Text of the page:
My ideal day onboard begins and ends with pursuing fish in shallow inshore and coastal waters, so I’m particularly partial to small center consoles. I like a boat in the 20-22 foot range that’s easy to trailer, fuel efficient, can get into a few tight spaces, and is simple to operate on solo missions. I’ve also come to appreciate small boats that can, when the need arises, act big. Over my 12 years of testing boats, a few have stood out. Here are three of my favorite small center-consoles in different price ranges: the Angler 204FX, the Campion 602 Explorer, and the Contender 21 Open.
Angler 204 FX
This Angler is one of the best-value center-consoles around. At 20’4” by 8’, this is a narrower- beamed boat with a solid ride. Angler doesn't pack in a ton of amenities, but to me this is a huge positive: There aren't many bells and whistles to break. Its solid construction and simple layout make it an easy boat to maintain and run. Talk around the docks that this boat could handle seas bigger than its size proved true. On the water, I found it to be one of the best-running boats for its size, period. I felt more comfortable in it than in some 24-26 footers I've spent time aboard offshore.
Paired with a 150-hp outboard, the 204 FX approached 45 mph. With the throttles pulled back to 3500 rpm and 25 mph, the boat had a range over 300 miles. With its 65-gallon fuel tank, it’s an efficient and economical boat to own. My biggest gripe? I thought the nonslip was a little slick compared to other models.
Campion 602 Explorer
Campion is a Canadian boatbuilder with a line of performance boats, and the hull of the 602 CC comes directly from that lineage. At 22’3” long, it has a slender 7’8” beam, giving it a sharp, narrow running surface that tapers to 19 degrees of deadrise at the transom. With a 225-hp engine, this boat felt like a rocket climbing onto plane and regularly topped speeds of 55 mph. What I liked best was how in a tight bay chop, it seemed to perform better.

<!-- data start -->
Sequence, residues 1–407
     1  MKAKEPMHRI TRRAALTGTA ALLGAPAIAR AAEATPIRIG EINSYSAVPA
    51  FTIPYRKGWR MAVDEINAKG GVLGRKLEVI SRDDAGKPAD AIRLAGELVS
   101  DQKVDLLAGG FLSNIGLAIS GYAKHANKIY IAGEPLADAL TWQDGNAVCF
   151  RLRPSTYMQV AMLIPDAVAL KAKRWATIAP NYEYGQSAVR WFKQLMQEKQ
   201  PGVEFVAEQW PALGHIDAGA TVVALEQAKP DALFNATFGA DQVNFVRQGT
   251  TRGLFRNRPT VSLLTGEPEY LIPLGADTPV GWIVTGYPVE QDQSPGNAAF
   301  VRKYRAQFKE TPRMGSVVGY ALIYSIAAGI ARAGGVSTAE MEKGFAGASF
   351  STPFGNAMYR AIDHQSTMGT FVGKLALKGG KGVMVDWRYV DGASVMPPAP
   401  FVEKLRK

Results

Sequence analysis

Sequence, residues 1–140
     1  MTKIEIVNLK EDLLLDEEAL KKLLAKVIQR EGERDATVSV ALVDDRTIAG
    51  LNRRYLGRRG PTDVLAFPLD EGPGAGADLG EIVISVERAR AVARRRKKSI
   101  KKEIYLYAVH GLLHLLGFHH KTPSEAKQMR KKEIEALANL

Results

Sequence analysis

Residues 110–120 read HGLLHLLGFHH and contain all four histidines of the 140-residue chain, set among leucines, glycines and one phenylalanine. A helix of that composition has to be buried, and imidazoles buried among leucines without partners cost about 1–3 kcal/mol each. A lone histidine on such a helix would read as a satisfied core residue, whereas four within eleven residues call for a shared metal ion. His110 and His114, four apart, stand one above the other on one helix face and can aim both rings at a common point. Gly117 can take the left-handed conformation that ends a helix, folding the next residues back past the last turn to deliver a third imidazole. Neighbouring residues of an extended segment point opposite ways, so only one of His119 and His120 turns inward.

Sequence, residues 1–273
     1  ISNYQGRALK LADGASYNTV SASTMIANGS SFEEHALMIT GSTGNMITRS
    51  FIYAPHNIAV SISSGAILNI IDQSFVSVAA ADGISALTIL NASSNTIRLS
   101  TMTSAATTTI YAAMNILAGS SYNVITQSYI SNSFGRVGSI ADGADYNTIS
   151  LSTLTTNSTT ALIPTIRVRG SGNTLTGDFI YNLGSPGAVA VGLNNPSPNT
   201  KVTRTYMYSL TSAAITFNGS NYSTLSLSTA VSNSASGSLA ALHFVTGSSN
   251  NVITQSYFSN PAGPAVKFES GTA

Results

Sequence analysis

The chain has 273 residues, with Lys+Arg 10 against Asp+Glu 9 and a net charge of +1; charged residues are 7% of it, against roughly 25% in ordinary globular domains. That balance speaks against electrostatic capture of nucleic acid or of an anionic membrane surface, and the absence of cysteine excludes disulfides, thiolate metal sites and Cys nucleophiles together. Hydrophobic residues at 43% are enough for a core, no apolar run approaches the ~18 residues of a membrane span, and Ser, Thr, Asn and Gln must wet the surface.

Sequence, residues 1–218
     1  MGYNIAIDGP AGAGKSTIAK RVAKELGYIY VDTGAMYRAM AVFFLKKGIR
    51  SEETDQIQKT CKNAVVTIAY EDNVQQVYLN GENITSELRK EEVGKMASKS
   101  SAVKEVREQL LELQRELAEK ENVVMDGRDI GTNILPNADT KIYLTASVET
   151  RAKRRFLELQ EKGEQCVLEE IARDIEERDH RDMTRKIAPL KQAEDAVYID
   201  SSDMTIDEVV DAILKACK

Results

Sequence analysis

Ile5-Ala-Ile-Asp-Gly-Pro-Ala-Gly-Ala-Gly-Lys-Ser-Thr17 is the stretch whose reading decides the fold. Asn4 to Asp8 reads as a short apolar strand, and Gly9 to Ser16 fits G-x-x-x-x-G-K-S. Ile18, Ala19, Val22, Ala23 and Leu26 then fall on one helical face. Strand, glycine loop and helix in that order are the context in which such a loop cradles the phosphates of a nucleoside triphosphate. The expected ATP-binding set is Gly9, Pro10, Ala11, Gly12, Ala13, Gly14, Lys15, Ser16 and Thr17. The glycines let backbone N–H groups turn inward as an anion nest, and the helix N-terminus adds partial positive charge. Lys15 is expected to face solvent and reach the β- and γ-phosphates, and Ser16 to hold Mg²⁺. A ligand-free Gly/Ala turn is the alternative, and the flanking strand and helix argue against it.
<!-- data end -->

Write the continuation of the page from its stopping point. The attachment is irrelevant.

Campion calls its hull design APEX, and it features a concave keel pad that provides lift. Once on a plane, it settles on top of a chop and just goes. You can chase after fish all day, run hard, and not get pounded. Plus, it has several family-friendly amenities such as bow filler cushions and aft jump seats along the transom. The main downside? That narrow beam makes interior space a little cramped, so you don’t want to overload it with gear and people.
Contender 21 Open
This is the boat of choice for many light-tackle fishing guides in the Northeast, because of its rugged build and exceptional performance in rough water. The 21 Open is built to the same specifications as the larger Contender models, like the Contender 30 and the Contender 39 ST, that are legendary among offshore anglers. It starts with its hull form, a sharp forefoot and a steep 24.5-degree deadrise at the transom. At 21’3” LOA and an 8’3” beam, this is a true wave-slicer, carving through a rough sea rather than pounding. The space forward of the console is clear and uncluttered, perfect for casting a fly rod or light tackle. An angler can securely wedge into the bow while casting, supported by deep freeboard and recessed bow rails that do the job but stay out of the way. There’s plenty of walk-around space on either side of the console, making it easy to work from bow to stern.
The 21 Open holds 90 gallons of fuel and approaches 50 mph with a 200-hp outboard. It comes standard with a 30-gallon livewell and an insulated 140-gallon fishbox, with recessed rodholders in the cockpit gunwales. It’s a compact fishing machine with a sweet ride. The caveat is that the 21 Open is a pure fishing boat; there are limited items on the options list to convert this to a more family-friendly utility vehicle.
Pete McDonald writes for Boating, Yachting, and other marine and fishing publications. In the past, he has written for Power & Motoryacht and Salt Water Sportsman, and spent 11 years on staff as a technical editor at Boating. All things considered, at any given moment he would prefer to be fishing.